list of 225—to that activity, Rataczak explained. Among the many choices are the establishment of herbaceous species that benefit pollinator species, he noted. In place since 2009, CSP comes with a five-year contract with minimum annual payments of $1,500, Rataczak stated. He pointed out that CSP was revamped greatly in 2017 toward a strong emphasis on the application process. Klein, who is based at the Woodland Dunes Nature Center and Preserve at Two Rivers, shared several examples of how working with other entities and programs—with the help of volunteers—has succeeded in transforming several sites in the Two Rivers area from being infested with non-native invasive plants to having multiple species of native plants that are beneficial to wildlife throughout the year. She noted that the only non-native plant species among those selections are crab apple trees.

Calls answered

Sheboygan County Master Gardener Volunteers will be at the University of Wisconsin-Extension Office, located on the UW-Sheboygan Campus, Tuesday and Thursday afternoons from 1 to 4 p.m. to answer horticultural calls or consult in person with homeowners who have yard and garden care questions. Master Gardener Volunteers staff the horticultural hotline from May through September. To reach the Horticultural Hotline, please contact the UW-Extension Sheboygan County Office at 459-5900.




Silica For Your Home .......................... 920-929-0126

G&H Trucking & Excavating, Inc. ......920-898-5980

Riesterer & Schnell ............................. 920-775-4146

AUTOMOTIVE DEALERSHIP Vande Hey Brantmeier ....................... 920-849-9331

BUILDER/CONTRACTOR Birschbach Builders LLC..................... 920-238-9253 Christel & Heiberger Builders, Inc. ... 920-898-2820

Dennis Thiel Builders Inc. .................. 920-989-2330

Choosing the right contractor for you… e building your Whether you ar of your me first home, the ho ing an existing el od m dreams or re the right home, choosing key to assuring contractor is the operly, to your pr the job is done on time. d an on satisfacti onal and Hiring a professi who is a ctor reputable contra res Home ho member of Mid-S on is par t of ti ia oc ss Builders A a quality job. your assurance of

Hedrich Construction, Inc..................920-849-4433 JMR Builders, LLC ................................ 920-378-3545

K & J Construction and Design, LLC .. 920-849-8811 Karr-Bach Builders, Inc........................920-322-1104

Kraus Construction, Inc......................920-894-7008

Jerry Arenz Memorial Trap Shoot AUGUST 2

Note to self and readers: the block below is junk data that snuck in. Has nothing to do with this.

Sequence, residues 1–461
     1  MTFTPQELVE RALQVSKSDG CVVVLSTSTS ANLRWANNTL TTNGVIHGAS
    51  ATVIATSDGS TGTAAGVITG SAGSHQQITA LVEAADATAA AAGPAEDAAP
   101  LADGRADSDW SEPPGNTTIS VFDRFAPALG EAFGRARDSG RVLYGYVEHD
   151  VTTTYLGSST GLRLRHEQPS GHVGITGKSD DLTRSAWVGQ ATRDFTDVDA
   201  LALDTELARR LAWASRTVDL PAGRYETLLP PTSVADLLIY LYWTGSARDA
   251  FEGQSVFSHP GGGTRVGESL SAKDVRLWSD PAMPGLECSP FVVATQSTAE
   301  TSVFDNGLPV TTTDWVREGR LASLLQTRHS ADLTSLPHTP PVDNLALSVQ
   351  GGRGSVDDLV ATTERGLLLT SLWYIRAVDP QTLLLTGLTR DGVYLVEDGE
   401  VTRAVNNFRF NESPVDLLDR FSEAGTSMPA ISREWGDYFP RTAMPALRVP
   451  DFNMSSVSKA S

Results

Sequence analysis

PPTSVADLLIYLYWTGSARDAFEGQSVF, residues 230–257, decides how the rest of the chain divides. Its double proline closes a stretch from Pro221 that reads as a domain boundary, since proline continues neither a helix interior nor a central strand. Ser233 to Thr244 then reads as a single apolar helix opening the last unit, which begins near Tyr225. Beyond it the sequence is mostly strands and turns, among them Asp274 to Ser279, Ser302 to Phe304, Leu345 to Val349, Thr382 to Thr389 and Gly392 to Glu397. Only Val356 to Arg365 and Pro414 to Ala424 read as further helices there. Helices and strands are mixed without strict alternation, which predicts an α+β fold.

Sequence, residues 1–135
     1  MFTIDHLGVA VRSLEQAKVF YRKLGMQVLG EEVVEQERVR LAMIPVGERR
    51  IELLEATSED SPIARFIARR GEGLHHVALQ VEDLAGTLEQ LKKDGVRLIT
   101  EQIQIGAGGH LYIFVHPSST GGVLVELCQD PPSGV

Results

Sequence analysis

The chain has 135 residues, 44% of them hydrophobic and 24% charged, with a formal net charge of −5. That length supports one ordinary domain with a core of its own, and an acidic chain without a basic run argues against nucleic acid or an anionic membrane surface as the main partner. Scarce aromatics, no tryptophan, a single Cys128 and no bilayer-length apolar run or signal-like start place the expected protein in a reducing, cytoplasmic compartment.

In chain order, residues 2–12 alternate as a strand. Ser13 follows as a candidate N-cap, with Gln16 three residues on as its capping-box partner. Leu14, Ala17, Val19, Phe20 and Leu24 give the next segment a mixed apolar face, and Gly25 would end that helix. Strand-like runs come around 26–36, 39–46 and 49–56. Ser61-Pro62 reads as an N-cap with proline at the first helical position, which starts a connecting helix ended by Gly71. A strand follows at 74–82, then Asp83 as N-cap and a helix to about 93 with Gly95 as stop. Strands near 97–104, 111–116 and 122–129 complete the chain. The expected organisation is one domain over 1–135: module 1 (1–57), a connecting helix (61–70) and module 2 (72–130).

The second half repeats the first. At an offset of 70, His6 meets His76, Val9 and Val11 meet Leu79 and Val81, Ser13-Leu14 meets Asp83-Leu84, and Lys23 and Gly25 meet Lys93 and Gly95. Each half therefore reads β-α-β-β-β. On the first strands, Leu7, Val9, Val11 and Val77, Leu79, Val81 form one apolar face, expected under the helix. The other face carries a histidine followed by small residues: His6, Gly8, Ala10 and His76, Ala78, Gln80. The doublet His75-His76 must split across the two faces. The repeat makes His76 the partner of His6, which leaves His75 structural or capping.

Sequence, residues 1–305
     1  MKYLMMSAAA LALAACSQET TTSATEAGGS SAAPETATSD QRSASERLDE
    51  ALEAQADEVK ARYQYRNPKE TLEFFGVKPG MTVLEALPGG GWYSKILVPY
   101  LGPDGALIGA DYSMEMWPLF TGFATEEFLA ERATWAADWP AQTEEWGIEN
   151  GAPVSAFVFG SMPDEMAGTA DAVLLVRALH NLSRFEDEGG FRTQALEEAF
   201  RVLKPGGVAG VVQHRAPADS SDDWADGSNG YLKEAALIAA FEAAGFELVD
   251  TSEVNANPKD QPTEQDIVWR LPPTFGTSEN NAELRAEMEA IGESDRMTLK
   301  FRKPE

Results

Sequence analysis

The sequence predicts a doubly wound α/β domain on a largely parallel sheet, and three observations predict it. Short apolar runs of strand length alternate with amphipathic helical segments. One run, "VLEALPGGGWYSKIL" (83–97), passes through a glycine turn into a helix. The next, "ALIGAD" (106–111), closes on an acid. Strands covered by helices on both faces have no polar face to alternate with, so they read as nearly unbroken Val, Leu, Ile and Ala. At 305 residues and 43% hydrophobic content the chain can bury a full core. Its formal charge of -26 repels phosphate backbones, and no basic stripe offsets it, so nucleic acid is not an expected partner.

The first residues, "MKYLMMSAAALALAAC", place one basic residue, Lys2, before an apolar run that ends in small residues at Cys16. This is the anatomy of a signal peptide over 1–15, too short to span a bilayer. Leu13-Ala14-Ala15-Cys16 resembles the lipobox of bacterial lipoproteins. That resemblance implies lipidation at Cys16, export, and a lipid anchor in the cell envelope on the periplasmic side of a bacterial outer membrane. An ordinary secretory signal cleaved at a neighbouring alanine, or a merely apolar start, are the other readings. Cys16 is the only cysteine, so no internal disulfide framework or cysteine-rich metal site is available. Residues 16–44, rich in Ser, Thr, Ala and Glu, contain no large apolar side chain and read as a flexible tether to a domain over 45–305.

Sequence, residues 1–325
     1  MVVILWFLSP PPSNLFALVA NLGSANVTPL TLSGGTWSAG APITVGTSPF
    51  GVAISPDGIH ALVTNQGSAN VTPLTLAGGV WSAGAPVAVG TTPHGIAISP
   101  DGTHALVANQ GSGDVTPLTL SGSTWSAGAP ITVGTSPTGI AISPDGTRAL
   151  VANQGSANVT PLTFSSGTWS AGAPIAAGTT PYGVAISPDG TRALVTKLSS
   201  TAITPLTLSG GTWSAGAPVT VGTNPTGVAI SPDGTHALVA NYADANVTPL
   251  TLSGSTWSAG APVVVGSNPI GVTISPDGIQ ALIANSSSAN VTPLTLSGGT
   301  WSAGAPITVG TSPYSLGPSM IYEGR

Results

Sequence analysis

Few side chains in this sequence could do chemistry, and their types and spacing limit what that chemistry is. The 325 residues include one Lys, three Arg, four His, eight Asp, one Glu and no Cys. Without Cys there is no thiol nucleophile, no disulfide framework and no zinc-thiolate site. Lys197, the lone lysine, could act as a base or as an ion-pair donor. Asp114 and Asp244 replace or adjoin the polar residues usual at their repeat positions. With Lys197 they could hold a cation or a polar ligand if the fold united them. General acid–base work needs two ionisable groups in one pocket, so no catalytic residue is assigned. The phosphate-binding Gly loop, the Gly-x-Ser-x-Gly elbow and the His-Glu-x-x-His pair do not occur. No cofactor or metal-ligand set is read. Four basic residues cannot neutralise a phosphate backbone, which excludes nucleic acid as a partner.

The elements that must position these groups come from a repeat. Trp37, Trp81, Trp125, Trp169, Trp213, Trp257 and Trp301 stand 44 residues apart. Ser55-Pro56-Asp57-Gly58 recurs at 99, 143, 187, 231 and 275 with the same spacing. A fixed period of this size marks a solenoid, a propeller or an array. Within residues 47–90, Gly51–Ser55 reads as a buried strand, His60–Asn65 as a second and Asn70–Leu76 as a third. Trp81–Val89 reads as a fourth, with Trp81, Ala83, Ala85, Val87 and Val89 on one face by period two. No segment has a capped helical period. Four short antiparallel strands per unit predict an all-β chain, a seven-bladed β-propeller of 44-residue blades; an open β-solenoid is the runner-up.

16th Annual Parade of Homes OCTOBER 5-7

FINANCIAL BMO Harris Bank .................................920-898-4284 Collins State Bank ...............................920-894-4272 Great Midwest Bank ........................... 920-849-9381

Premier Financial Credit Union .........920-898-4232

State Bank of Chilton.......................... 920-849-9371

Wisconsin Bank & Trust ......................920-849-8888

Chilton Furniture ................................920-849-9023

Leitner Construction, LLC .................. 920-849-7794 Mathes Construction & Gutter System Company, Inc.

TK Hardwood Floor Co. LLC ...............920-400-0380

920-894-7697 •

Midwest Design Homes ..................... 920-759-9000 Schneider & Schneider Construction, LLC ............................... 920-898-1300


Pinnow Sheet Metal Inc. .................... 920-231-8632



Automated Products Inc. ....................715-387-3426 Drexel Building Supply ...................... 920-894-2424

Advanced Custom Geothermal, LLC ........ 920-894-3999

Kasper Building Supply...................... 920-853-3814

Fuhrmann Plumbing, Heating & Cooling Inc. ...................................... 920-756-3277


Manitowoc Heating & Refrigeration Services, Inc.

Interior Woodworking, LLC ...............920-230-6040

920-686-7378 •

Valley Cabinet, Inc ...............................920-336-3174


HOME IMPROVEMENT Tundraland Home Improvements .... 920-734-4786

Darboy Stone & Brick, Inc. ................. 920-734-2882


Roffers Concrete Construction.......... 920-864-7624

Alpine Insulation Co, Inc ....................800-458-8188


INSURANCE Scott Umland Insurance Services ..... 920-898-5755

ELECTRONICS Suess Electronics ................................920-733-6464

OVERHEAD DOORS Professional Door Systems................... 920-452-2972

PLUMBING Meggers Enterprise Plumbing and Heating LLC...............920-894-1110 Meyer Plumbing LLC...........................920-894-8444

Todd’s Plumbing LLC .......................... 920-418-1004

PRINTING Zander Press Inc. ................................. 920-756-2222

REAL ESTATE Premier Properties Realty, LLC .........920-980-4477

Thiel Real Estate.................................. 920-849-2222

RECYCLING/DISPOSAL Mid-Shores Recycling, Division of Mid-Shores Disposal .......920-898-5498

ROOFING Altitude Roofing & Exteriors ..............920-948-1146

Wrightway Home Improvements...... 920-923-0721

WINDOWS Pella Windows & Doors of Wisconsin ... 920-431-8900

Renewal by Andersen..........................920-759-1234

Dean’s Electric LLC...............................920-565-7517



Jannette Trucking and Excavating, Inc. . 920-853-3454

LANDSCAPING Master Plan Landscapes LLC ............. 920-849-3376

Profile for Delta Publications

Spring Home & Garden 2018  

Enjoy reading Spring Home & Garden 2018

Spring Home & Garden 2018  

Enjoy reading Spring Home & Garden 2018